[00:12:33] Daphna: Well, you mentioned a few data points that are interesting, but one that I was particularly interested in, as you say, about, you know, 50 percent appearance will move forward with the genetic, uh, testing. You know, I think that's, It's something we all wonder, like, how will the public accept this? What do we do with the information?

[00:12:54] Daphna: Can you tell us a little bit about how that's gone, um, when approaching parents?[00:13:00]

[00:13:03] Paul: Yeah, so, um, I think, I think the information is a good thing. It's going to lead to diagnoses. Um, it's going to lead to precision therapies. Um, it's going to end the diagnostic, the diagnostic odyssey. We know the diagnostic odyssey is, is, is, you know, between five and seven years in the U. S. Um, and I think the concerns about the privacy, I think you're alluding to the privacy and security of this information, my genetic code.

[00:13:33] Paul: Um, I think we have to put that in the same box as all of our information, right? All of our health records, uh, need to be protected. They're going to be, um, in electronic medical records. It's the, the genetic information is just as sensitive as, let's say, your mental health, um, records or, or other sensitive medical records that now is going to be in the cloud [00:14:00] and other things.

[00:14:00] Paul: So, this, this certainly is, is a, is a valid concern of, of many patients and families when they're getting genetic testing. How is this going to be used? Who's, who's going to get their hands on it? So, that, that's, that's definitely a valid concern. I will say that across the board. In the literature, most families are very satisfied and happy that they had genetic testing in the NICU, even when the test is negative.

[00:14:29] Ben: Mhm. And so I think that's, that's, that's a great segue to my next question, which basically I'm putting myself in the shoes of, um, a clinician listening to this episode says, Oh my God, I've sent genetic testing and I get like some, some variants that we don't know where they are. And, and we end up with more questions than answers.

[00:14:47] Ben: But I think one of the things that, sets GeneDx apart and something that I was fascinated by is this idea of of the database that you guys have on all these genes and variants [00:15:00] that allows you to make connections that up until this point we were not really able to to do. Can you tell us a little bit about what that is and how does that help you make, uh, how does that help you on the diagnostic

[00:15:13] Paul: Yeah, so if we've seen the variant before, we know it causes a disease or syndrome or that, you know, that particular variant in a, in a gene. Then we have more confidence in making that call and saying, Hey, this is real. This is something also, we also like to do something called trios. So it's a lot easier if you get both parents and the child, because a lot of the, the variants are called de novo where only the child has the variant.

[00:15:42] Paul: Only the child is sick. So it's a spontaneous mutation in the child. So we also have the parents. In our library and we can look, use the parents as controls and background so we can figure out, wow, this is, this is commonly seen in the population. So [00:16:00] it's less likely to be pathogenic or disease causing.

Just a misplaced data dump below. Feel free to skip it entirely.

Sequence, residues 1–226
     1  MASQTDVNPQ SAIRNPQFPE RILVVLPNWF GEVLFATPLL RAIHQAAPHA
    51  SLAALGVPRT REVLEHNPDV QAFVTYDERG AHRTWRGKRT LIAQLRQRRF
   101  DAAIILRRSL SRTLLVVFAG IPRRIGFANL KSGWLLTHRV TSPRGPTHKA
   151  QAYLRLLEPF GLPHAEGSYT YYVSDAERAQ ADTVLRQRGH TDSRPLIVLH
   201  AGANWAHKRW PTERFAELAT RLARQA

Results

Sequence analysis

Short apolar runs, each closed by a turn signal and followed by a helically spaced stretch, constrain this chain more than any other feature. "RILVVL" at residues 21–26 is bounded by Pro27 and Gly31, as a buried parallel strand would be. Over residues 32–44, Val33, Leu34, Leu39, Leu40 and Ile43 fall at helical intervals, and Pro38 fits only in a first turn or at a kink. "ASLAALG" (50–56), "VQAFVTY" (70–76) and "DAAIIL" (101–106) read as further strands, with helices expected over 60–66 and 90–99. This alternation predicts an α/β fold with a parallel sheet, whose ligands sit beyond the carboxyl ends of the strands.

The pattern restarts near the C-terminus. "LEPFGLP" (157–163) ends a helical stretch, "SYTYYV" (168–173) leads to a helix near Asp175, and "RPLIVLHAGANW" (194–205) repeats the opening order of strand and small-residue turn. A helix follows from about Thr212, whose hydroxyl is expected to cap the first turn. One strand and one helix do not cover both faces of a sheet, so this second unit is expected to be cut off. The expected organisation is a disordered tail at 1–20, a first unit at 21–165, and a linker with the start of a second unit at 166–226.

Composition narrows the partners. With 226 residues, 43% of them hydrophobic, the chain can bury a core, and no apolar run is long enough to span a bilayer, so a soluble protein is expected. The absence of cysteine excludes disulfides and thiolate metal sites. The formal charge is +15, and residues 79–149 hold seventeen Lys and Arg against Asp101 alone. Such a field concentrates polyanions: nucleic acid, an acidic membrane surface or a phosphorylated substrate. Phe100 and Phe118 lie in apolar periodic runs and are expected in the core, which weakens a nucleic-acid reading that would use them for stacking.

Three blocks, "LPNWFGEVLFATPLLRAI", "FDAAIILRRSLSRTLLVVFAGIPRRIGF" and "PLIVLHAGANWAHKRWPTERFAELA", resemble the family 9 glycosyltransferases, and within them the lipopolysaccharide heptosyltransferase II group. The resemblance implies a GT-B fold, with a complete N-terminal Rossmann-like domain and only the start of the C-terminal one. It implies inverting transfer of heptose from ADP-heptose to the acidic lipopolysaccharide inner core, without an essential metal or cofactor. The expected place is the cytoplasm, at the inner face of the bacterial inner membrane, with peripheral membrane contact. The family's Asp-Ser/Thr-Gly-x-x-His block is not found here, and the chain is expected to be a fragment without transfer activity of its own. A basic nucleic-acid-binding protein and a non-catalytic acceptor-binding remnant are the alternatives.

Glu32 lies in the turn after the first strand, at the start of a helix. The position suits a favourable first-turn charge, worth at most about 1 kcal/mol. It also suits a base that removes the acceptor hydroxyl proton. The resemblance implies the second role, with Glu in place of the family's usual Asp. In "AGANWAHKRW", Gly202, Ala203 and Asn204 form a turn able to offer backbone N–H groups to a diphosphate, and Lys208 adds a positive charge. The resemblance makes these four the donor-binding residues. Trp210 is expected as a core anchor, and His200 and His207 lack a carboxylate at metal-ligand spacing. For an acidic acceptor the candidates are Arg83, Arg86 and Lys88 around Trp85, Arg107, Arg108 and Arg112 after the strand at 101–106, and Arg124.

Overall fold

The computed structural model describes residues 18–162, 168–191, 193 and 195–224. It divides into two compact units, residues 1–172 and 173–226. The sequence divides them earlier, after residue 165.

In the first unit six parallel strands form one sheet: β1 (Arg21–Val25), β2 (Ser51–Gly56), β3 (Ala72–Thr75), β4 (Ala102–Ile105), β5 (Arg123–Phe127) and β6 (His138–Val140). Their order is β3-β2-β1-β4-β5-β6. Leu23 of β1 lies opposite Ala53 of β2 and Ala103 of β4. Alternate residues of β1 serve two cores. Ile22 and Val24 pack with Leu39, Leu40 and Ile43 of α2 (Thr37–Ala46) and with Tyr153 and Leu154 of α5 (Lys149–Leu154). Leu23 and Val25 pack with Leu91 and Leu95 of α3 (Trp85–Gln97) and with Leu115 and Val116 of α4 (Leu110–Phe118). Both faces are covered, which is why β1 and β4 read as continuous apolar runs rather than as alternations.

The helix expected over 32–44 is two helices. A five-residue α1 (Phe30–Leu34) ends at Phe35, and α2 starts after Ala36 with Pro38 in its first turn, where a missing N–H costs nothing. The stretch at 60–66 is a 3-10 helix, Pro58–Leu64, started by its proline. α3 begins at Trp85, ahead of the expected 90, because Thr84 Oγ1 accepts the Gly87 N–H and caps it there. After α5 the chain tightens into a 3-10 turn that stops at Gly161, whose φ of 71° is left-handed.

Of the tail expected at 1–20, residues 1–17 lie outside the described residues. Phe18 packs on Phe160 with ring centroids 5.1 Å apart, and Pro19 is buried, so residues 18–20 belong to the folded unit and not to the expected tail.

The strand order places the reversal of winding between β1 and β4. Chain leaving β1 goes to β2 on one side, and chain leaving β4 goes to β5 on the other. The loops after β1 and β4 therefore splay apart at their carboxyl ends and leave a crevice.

[00:16:04] Paul: So, yes, we have over 400, 000. Exomes in our database, and that's very helpful. We do share, um, the pathogenic variants in a public database called ClinVar and other commercial laboratories also do that. We also use that database to, to, to make these calls, but certainly our 400, 000 plus exomes is, is very helpful, um, in, in making these, these, these calls.

[00:16:30] Paul: These diagnostic calls. And just one more thing I want to emphasize is the concept of variance of unknown significance. We don't really report a lot of variance of unknown significance. Um, when you're doing a trio, um, you can really narrow it down or you're doing, um, genome sequencing. That's kind of a myth that it's the more, the wider the test, the more variants of unknown significance.

[00:16:59] Paul: Most of our [00:17:00] tests have one or zero variants of unknown significance. Um, and so we, we really only give back information. If it pertains to the, the clinical presentation or what we say in, in, in clinical genetics, the phenotypes, um, we should be saying the clinical presentation in my book. So, um, and I mean, let's break this down, right?

[00:17:24] Paul: I think this is a valid concern, Ben, that, that you're making.[00:18:00] [00:19:00] [00:20:00]

[00:20:22] Ben: Um, okay. So my last question before I, I definitely close out the show is, let's say you're a clinician, you're listening to this and you say, man, these guys have a fast turnaround time. They have this, this amazing database that helps makes diagnoses. Um, people don't even know where those labs are going if they order them.

[00:20:46] Ben: So how do they know how, how can they initiate the process of, of sending, uh, exome sequencing through GeneDx at their

[00:20:52] Paul: Yes. Um, we have a portal so you can do it all online. You go to gdx. com. Um, we [00:21:00] have a portal. You can order the test through the portal. And certainly we have a customer service department that that can walk anyone through this. Um, and. We, we, we feel strongly about customer service and, and, and trying to help people get this test because we, we want patients and families to have access to, to, to a genetic test and a precision diagnosis.

[00:21:25] Paul: So, um, it's not that hard. We walk you through. We also have genetic counselors that can help you with pretest counseling. Um, post test results. So we, one thing we, we want to try to make this as easy as possible to order. There's nothing more frustrating for a clinician to, to be fumbling around, uh, having difficulty ordering the test, um, getting frustrated, um, especially in the NICU.

[00:21:52] Paul: You guys are busy enough, right?